The biggest story of the last three years in British pop has unquestionably been the gatecrashing of the mainstream by the U.K. urban underground. British rappers scored five number one hits in the U.K. in 2009, a situation that would have been unthinkable even half a decade ago. The momentum has shown no sign of slipping: once the major labels clocked that a fruitful source of income was dormant on its doorstep, the floodgates opened, and an impressive number of the artists pouring through have gone on to genuinely sustained popularity, from Wretch 32 to Plan B to Giggs to Professor Green. It’s a wave that hasn’t exactly been how the critics would have liked it: most crossovers took the form of MCs abandoning the harsh, aggressive innovation of critically beloved grime beats for pop hooks and Eurotrance synths. But the mere fact that these voices of urban, working-class youth now had a place in the mainstream was an exciting development in itself. Two years ago, in what seemed to be the final rubberstamp of legitimacy on the scene, Rinse FM — one of London’s most important pirate radio stations, and a driver of underground music for 15 years — was awarded an official FM broadcast license. It followed that by ushering into the charts Katy B, a singer who represents a genuinely new strain of British pop star: the raver next door taking the funky house and dubstep beats of the underground and turning them into a pop blueprint.
Concurrently, down the road in Westminster — a few miles away from both the council estates from which Britain’s new pop establishment hailed and from the gleaming major label offices that were suddenly a conduit to success for them — the country’s new political establishment have been setting in motion another sea change. The coalition government of the right-wing Conservative Party and the centrist Liberal Democrats, formed from the ashes of a hung parliament in which the electorate didn’t so much choose a party as reject the political class across the board, have opted to govern on a platform of no-holds-barred austerity. Ostensibly in order to reduce the national debt, the enthusiasm and extent to which it has gone about slashing public sector budgets seems rather to indicate that the Tory party has seen the economic crisis as an opportunity to roll back the state as far as possible. The U.K.’s disenfranchised youth has, over the last few months, found ways to fight back and protest.
What do these cultural shifts have to do with each other? Consider the backgrounds of the new British urban royalty. Plan B, Tinchy Stryder and Chipmunk all honed their skills in state-funded youth clubs, as did prior legends of the scene, from ’90s drum’n'bass producers Roni Size and Goldie to Dizzee Rascal, the man who started his career by lobbing grime into the mainstream like a molotov cocktail (and who went on to become arguably the UK’s biggest male pop star). These projects have not been specifically targeted by the government, but, with the local councils who control their funding seeing already-squeezed budgets slashed even further, and with even more basic services such as libraries under threat, they are often the first to be cut; splashing out thousands of pounds on staff and expensive musical equipment for no guaranteed return is simply no longer a priority.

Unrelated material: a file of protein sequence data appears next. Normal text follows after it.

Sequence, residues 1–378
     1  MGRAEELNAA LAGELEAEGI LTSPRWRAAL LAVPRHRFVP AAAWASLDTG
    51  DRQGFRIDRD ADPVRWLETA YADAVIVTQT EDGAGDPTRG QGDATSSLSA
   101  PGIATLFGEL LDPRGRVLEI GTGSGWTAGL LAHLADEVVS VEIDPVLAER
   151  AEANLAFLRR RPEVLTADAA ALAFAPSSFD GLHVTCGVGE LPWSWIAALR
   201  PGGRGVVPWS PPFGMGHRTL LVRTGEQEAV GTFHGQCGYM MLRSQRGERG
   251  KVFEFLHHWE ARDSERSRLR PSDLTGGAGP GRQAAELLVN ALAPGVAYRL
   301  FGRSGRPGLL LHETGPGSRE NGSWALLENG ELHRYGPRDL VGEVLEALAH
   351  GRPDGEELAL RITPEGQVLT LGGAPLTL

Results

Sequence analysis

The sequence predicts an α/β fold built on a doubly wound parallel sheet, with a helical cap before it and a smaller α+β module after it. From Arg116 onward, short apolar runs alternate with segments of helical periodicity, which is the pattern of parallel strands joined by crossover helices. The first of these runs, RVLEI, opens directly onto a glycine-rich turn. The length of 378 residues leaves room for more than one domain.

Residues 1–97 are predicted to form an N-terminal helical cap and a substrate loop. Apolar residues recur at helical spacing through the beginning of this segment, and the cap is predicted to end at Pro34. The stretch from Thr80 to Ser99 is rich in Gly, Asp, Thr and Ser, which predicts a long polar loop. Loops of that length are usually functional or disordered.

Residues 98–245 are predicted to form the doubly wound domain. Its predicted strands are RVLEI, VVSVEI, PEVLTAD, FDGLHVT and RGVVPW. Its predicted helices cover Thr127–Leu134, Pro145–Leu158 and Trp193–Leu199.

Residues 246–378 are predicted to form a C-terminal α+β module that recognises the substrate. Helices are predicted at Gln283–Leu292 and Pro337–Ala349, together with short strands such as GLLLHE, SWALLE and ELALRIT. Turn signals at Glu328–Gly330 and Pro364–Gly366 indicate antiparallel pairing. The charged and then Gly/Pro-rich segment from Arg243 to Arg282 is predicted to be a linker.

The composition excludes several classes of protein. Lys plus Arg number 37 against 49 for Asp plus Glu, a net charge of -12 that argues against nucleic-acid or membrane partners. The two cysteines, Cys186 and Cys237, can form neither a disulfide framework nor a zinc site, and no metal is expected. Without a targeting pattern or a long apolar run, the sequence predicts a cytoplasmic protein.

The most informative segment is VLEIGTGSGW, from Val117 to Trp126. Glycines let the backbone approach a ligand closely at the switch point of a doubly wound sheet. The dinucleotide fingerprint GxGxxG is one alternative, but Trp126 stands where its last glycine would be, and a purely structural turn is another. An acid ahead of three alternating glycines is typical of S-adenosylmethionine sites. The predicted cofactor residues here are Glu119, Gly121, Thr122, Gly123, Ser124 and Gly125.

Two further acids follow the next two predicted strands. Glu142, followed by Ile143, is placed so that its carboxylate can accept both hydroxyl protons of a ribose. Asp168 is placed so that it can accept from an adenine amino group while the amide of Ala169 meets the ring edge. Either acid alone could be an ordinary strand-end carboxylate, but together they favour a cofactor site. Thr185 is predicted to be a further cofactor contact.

“‘I’ll be straight up with you, I’d have been drug dealing,’ he states flatly. ‘We’re given three options where I’m from. You’re either a road man, going around stabbing people and gaining a reputation; you’re a drug dealer; or you’re just that idiot who sits on your arse in the estate getting drunk ’til you’re 45, 20 kids by 20 different women, going for Jobseekers’ Allowance every week.’”
Sarah Akwisombe, a.k.a. producer and DJ Goldielocks, has first hand experience of these consequences. As well as her own musical career, she has been involved in the running of North London youth centre project Rithmik Studio for three years, where she teaches and mentors up to 60 young people each week. Akwisombe worries about how the cuts will have a fundamental impact on who gets to make a living out of music in the future. “The music industry is already a middle class people’s thing in terms of having connections and so on,” she says. Despite the current urban trend, she explains, “It’s rare that people get signed without having made some strides towards putting their own music out and getting a fanbase — and to put your music out obviously costs quite a lot of money.”
Despite some touch-and-go moments, Rithmik has survived the cuts, for now. But many like it haven’t. What specifically is it that they offer young people? For those unable to afford expensive studio time, access to free studios in order to record demos is key. Even before that, for some, is the opportunity to learn basic studio skills or to garner professional advice from the likes of Akwisombe on everything from lyrics to beats. Akwisombe also points out that youth centres are where budding artists begin to build an initial fanbase — so crucial if they want to break into the industry. “They’ll be recording, and other kids come down and say, oh, you’re really good, can I have your tune on my phone — it might just be a rap over a beat, but they start spreading it around beyond their little circle.”